Some demographic differences may exist between the ED patients who enrolled in the study and those who were not approached or refused to participate. Also, those who participated may represent a population that is more ready to discuss their smoking, the links between smoking and illness, and the means to address their smoking, than those who did not agree to participate. This may have led to an overestimation of patient receptivity to tobacco interventions.

In the questions about potential ED interventions, all questions used the phrase "stop smoking" or "helps to quit" except the one related to NRT, which did not refer specifically to cessation. This may have created a bias in which respondents were more likely to select the option that referred specifically to quitting smoking. On the other hand, NRT may have been more appealing because it was phrased in a way that implied (by not mentioning quitting) modification, rather than cessation, was possible. Nicotine replacement was the most popular option selected by study subjects; the effect of this question bias may have been to diminish or exaggerate its appeal to our patients.

Our assessment of management of tobacco use depended on the documentation practices of clinicians in the ED. It may be that tobacco counseling and referrals occurred but were not documented. However, the rates of counseling noted in our study were actually higher compared to prior research demonstrating low rates of ED-initiated tobacco counseling and referrals to treatment [10]. Our study likely presents a "best-case scenario," with enhanced tobacco-related counseling and referrals occurring because providers knew that a study was occurring in the ED, and/or because the study procedures prompted patients to speak about smoking with their clinicians more often.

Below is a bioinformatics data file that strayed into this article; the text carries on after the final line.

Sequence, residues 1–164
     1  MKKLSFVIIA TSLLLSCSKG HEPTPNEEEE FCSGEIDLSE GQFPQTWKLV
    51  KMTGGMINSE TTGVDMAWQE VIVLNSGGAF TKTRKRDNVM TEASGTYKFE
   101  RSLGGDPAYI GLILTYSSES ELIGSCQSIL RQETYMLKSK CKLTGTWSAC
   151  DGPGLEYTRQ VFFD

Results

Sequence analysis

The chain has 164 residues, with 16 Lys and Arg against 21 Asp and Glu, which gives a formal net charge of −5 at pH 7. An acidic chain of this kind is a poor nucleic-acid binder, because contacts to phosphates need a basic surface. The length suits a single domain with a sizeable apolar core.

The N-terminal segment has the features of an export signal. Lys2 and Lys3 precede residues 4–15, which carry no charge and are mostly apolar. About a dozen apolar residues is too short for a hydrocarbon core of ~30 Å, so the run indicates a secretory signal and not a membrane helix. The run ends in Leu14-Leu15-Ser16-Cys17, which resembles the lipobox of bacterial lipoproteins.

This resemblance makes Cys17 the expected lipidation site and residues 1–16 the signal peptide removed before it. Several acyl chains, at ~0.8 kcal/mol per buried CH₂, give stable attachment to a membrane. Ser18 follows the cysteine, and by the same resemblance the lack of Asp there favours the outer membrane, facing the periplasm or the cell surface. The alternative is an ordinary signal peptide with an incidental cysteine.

Conclusions

In this study, we found the majority of smokers in the ED are willing to engage in tobacco-related interventions. Patients expressed interest in a wide variety of interventions and counseling types, while clinicians often noted tobacco use but rarely followed through with treatments or referrals. Clinicians should not assume smokers in the ED are resistant to receiving health messages and counseling related to their tobacco use. Further, researchers may consider developing a range of options for assisting individuals in the ED who are interested in reducing their tobacco use.

Competing interests

The authors declare that they have no competing interests.

Authors' contributions

Author EDB designed the study and wrote the protocol. Author EKC performed literature searches, reviewed the statistical analysis, wrote the first draft of the manuscript, and was responsible for subsequent manuscript revisions. Author EDB performed the statistical analysis. All authors (EKC, AFS, FL, JNP, CAC, EDB) participated in acquiring the data, analyzing and interpreting the data, and performing critical revision of the manuscript content. All authors approved the final manuscript.

References

  1. US Department of Health and Human Services: The Health Consequences of Smoking: A Report of the Surgeon General. Atlanta, GA: Centers for Disease Control and Prevention, National Center for Chronic Disease Prevention and Health Promotion, Office on Smoking and Health; 2004. OpenURL

  2. Lowenstein SR, Koziol-McLain J, Thompson M, Bernstein E, Greenberg K, Gerson LW, Buczynsky P, Blanda M: Behavioral risk factors in emergency department patients: a multisite survey.